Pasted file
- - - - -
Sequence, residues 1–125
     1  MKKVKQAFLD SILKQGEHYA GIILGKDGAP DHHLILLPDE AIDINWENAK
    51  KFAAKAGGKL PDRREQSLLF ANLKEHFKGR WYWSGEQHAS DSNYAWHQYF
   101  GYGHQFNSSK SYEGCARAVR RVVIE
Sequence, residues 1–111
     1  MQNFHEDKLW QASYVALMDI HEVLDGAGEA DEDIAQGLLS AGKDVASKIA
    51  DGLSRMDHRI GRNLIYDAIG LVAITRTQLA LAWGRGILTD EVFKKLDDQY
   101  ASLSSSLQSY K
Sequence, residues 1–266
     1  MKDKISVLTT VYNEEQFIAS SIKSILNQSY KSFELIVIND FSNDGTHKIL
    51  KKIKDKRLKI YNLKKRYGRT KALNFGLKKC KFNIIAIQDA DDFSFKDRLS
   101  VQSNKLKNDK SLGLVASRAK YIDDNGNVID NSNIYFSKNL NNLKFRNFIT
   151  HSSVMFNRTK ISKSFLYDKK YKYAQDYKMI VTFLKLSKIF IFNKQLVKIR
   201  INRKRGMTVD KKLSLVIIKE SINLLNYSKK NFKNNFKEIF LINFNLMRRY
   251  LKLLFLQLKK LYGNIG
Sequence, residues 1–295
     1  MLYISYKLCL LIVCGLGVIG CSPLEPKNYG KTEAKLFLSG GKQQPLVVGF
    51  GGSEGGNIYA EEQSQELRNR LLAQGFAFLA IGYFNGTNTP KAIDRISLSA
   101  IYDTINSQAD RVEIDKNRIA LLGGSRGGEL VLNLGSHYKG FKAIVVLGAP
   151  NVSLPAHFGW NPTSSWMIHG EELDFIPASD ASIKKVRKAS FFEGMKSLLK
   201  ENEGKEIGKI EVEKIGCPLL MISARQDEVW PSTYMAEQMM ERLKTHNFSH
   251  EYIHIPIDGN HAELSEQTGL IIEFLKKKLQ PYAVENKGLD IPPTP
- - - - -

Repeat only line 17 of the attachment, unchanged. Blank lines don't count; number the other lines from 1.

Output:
     1  MLYISYKLCL LIVCGLGVIG CSPLEPKNYG KTEAKLFLSG GKQQPLVVGF